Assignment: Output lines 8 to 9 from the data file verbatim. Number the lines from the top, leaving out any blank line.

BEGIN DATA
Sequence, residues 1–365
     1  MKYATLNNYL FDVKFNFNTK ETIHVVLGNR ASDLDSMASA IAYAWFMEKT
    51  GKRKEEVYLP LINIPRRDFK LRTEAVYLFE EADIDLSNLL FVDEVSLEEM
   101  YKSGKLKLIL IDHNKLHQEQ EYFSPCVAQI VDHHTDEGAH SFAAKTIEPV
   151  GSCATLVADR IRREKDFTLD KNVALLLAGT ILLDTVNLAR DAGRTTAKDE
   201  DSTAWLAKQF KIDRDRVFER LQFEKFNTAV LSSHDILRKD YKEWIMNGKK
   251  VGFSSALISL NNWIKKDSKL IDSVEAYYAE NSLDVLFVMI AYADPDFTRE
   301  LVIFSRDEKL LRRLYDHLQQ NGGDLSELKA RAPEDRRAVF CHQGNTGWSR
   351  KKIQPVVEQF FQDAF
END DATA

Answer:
   301  LVIFSRDEKL LRRLYDHLQQ NGGDLSELKA RAPEDRRAVF CHQGNTGWSR
   351  KKIQPVVEQF FQDAF